“Make Love Not Scars”

23-year-old woman runs first rehab clinic for acid attack survivors in India

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A recently-launched rehab clinic in New Delhi seeks to provide both sanctuary and practical assistance to women who have survived acid attacks. Founded by 23-year-old Ria Sharma, “Make Love Not Scars” offers survivors medical treatment, financial and legal support, vocational training, and psychological services. Recreational healing activities — like yoga and poetry classes — are also available. The center, according to PRI, is the first of its kind in India.

The idea for the rehab clinic was born several years ago, when Sharma, who is now 23, decided to film a documentary about acid attack survivors. She spent time in a government hospital burn ward, and was shocked by the suffering she witnessed there. “The things I saw in the ward left me forever changed,” she told PRI. “I had never witnessed so much misery all at once, I had never been surrounded by so much pain. When you are in that situation you have two options, you could either return to the comfort of your own life or you could try and make someone else’s life comfortable.”

In 2014, Sharma launched the Make Love Not Scars website, which provided a forum for survivors to share their stories through weekly video blogs. But realizing that acid attack survivors were in desperate need of multifaceted support, Sharma decided to create a center that would cater to their emotional, financial, and legal needs. For the most part, the Make Love Not Scars Rehab is supported by donations, although the center has also appealed to the Indian government for financial assistance.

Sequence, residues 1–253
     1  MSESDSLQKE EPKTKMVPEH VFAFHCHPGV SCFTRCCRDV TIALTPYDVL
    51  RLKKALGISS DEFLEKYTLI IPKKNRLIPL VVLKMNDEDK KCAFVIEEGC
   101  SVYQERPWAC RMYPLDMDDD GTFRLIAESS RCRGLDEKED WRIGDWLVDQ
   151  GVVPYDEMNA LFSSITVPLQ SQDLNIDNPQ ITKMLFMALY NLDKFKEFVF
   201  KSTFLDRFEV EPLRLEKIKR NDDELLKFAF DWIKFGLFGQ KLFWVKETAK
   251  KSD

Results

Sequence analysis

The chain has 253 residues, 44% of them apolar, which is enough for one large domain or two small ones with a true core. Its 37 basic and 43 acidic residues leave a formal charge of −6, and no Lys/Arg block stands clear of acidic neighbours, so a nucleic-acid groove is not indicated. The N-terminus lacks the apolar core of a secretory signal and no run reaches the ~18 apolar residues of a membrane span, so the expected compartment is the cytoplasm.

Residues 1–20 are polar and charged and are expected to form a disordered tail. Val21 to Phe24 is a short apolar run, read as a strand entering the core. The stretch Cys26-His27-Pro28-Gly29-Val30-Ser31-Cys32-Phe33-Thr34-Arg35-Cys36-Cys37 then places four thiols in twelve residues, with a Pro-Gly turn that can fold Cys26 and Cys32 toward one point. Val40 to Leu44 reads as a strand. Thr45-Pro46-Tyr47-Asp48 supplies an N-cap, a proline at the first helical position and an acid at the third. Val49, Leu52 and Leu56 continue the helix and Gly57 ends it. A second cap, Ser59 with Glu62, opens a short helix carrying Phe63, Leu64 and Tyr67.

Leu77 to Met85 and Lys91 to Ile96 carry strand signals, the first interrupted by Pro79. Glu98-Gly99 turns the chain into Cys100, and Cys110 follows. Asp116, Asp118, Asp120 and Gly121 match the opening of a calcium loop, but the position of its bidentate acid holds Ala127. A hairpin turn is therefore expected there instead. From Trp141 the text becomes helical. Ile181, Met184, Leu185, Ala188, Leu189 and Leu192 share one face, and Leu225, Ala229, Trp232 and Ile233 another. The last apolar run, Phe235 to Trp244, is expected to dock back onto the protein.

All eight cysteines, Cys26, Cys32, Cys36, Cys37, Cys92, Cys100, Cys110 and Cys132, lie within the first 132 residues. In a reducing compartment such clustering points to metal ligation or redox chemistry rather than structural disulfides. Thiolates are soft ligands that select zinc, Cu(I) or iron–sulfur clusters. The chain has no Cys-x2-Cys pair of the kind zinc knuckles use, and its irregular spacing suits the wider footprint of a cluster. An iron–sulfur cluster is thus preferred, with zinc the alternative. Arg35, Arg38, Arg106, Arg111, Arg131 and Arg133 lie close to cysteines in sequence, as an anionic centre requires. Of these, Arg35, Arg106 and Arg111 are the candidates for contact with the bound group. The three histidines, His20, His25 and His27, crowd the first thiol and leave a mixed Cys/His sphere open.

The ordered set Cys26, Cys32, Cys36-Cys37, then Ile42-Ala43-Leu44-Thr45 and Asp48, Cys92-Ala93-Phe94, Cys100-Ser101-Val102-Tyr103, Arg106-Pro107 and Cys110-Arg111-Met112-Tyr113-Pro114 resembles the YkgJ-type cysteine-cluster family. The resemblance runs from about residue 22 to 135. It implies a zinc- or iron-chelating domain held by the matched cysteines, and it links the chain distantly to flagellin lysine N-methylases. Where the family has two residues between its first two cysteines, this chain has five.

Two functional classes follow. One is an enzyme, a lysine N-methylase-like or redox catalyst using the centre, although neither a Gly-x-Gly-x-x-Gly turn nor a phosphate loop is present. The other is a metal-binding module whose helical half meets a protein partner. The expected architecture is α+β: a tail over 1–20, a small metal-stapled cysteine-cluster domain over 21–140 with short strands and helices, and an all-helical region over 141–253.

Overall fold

Acid attacks are a pervasive problem in India, with some 1,000 incidences reported to police each year. Many more women, according to Acid Survivors Trust International, do not report attacks. Sharma told PRI that she hopes her center will help survivors recover in comfort while pushing their lives forward. “I feel really good about the direction we are heading in,” she said. “I think the existence of such a center is going to be extremely instrumental towards changing the lives and future of acid attack survivors.”

Read the full story at PRI.

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